Friday, February 20, 2015

Washington's Looming Debt Problem

Updated October 2015

The White House recently predicted that the budget for Fiscal Year 2016 will produce the smallest budget deficit in eight years, predicting a deficit of $474 billion in 2016 or 2.5 percent of GDP as shown on this table:

You will notice, however, that the White House predicts that the deficit will begin to rise in 2018, hitting $687 billion in 2025.  Between 2016 and 2025, the debt will grow by $5.674 trillion.  The debt held by the public (which excludes intragovernmental debt) will rise from $13.506 trillion in 2015 to $20.371 trillion.  That said, for a more accurate picture of the debt, we need to look at the Treasury Monthly Statement of the Public Debt for September 2015 which shows the following:

At the end of September 2015, the total public debt outstanding was $18.15 trillion which was made up of two parts; the $13.124 trillion in debt held by the public and the $5.027 trillion in intragovernment debt, that is, debt that is incurred when the government borrows from one part of government and lends it to another (i.e. the Social Security Fund).  While the intragovernmental debt doesn't appear on the White House 2016 budget document, the money borrowed from one part of government to fund another part will have to be repaid.

Let's switch gears for a moment and look at the interest expense on the outstanding debt as shown on this screen capture from TreasuryDirect:

For the all twelve months of fiscal 2015, the government has paid $402.435 million on its outstanding debt.   Luckily, the average interest rate on the outstanding debt was only 2.350 percent in September 2015.

Here is a graph that shows how the debt has grown since 1995:

With that in mind, think about how difficult it will be when interest rates on the outstanding debt begins to rise to historical norms?

Fortunately, the Congressional Budget Office has done a great deal of work on this issue.  In its Budget and Economic Outlook: 2015 to 2025, the CBO looks at what will happen to interest payments on the debt over the next decade.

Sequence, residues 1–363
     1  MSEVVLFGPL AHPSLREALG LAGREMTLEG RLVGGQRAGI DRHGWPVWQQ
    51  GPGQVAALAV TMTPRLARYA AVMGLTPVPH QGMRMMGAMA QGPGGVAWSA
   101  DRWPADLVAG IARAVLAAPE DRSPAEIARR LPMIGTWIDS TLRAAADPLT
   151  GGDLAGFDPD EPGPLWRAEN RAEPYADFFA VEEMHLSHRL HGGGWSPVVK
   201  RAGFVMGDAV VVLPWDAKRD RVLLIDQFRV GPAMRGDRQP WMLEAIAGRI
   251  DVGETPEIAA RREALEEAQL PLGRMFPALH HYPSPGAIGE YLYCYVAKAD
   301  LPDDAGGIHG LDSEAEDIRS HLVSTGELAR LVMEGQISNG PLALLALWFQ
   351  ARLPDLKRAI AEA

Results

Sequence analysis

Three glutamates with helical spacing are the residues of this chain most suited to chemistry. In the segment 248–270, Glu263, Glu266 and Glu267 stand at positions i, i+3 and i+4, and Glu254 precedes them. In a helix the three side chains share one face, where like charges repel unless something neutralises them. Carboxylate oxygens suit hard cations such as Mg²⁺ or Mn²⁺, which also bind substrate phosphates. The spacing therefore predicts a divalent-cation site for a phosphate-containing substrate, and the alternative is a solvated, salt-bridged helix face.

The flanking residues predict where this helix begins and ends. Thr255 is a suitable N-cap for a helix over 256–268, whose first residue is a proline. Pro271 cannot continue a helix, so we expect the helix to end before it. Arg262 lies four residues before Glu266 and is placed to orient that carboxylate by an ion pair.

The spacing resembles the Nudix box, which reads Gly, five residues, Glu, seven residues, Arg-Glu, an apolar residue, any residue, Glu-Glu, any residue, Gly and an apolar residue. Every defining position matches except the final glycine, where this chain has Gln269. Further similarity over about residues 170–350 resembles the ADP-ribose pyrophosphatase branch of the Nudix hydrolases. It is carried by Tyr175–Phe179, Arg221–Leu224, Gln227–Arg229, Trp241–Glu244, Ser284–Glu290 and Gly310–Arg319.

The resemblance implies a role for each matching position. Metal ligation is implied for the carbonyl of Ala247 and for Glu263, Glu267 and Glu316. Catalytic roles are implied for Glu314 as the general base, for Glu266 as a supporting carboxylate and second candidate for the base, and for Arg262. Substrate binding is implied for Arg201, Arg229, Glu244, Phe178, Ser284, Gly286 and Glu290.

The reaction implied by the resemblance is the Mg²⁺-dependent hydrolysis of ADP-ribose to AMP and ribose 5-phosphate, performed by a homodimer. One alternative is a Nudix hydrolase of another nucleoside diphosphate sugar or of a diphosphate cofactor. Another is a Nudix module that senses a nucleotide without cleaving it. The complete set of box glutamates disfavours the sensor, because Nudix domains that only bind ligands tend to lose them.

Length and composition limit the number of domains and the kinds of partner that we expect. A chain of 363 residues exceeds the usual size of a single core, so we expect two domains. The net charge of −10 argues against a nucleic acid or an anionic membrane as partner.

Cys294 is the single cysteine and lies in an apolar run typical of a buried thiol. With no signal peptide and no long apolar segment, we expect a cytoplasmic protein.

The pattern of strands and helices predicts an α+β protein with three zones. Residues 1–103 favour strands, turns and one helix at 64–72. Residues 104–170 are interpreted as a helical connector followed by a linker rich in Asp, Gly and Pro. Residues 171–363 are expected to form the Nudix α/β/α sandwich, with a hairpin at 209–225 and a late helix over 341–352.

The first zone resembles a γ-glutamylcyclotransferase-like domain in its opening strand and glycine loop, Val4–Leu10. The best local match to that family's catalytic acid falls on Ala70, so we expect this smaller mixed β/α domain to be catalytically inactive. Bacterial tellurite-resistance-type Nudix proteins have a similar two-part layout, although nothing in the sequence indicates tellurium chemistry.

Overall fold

Here is a graph showing how total outlays are expected to be higher than total revenues, a pattern that has been in place since 2000:

Here is a graph showing the actual and projected deficits/surpluses from 1965 to 2025:

While the deficit is expected to remain steady until 2018, it begins to grow, largely because of rising interest payments on the debt.  The projected deficit of $540 billion in 2018 is expected to grow to $1.088 trillion in 2025, a 101.5 percent increase.

This is a graphic showing the CBO's projections for interest rates from 2015 to 2025:

While these interest rates are just projections, the assumptions used reflect average interest rates for both three-month and ten-year Treasuries prior to the Great Recession. 

Here is a graphic that shows the CBO's debt and interest owing on the debt projections to 2025:

In 2014, interest paid by the Treasury on all of its debt issuances totalled $431 billion with $158 billion of that being payments to other entities within the federal government (i.e. intergovernmental debt).  Under the baseline assumptions used by the CBO, interest payments on the total debt rise from $227 billion or 1.3 percent of GDP in 2015 to $827 billion or 3.0 percent of GDP in 2025, the highest ratio since 1996.  This is more than will be spent on Medicaid in 2025 ($588 billion) and slightly less than all other mandatory spending on items other than Social Security and Medicare ($910 billion).  

As shown on this graphic, interest payments on the debt will also exceed discretionary defence and non-defence spending:

In the CBO's baseline case, gross interest payments from 2016 to 2025 total $8 trillion with 70 percent of that amount being interest owing on the debt held by the public.

The authors of the report note that there are several problems looming because of the size of the federal debt: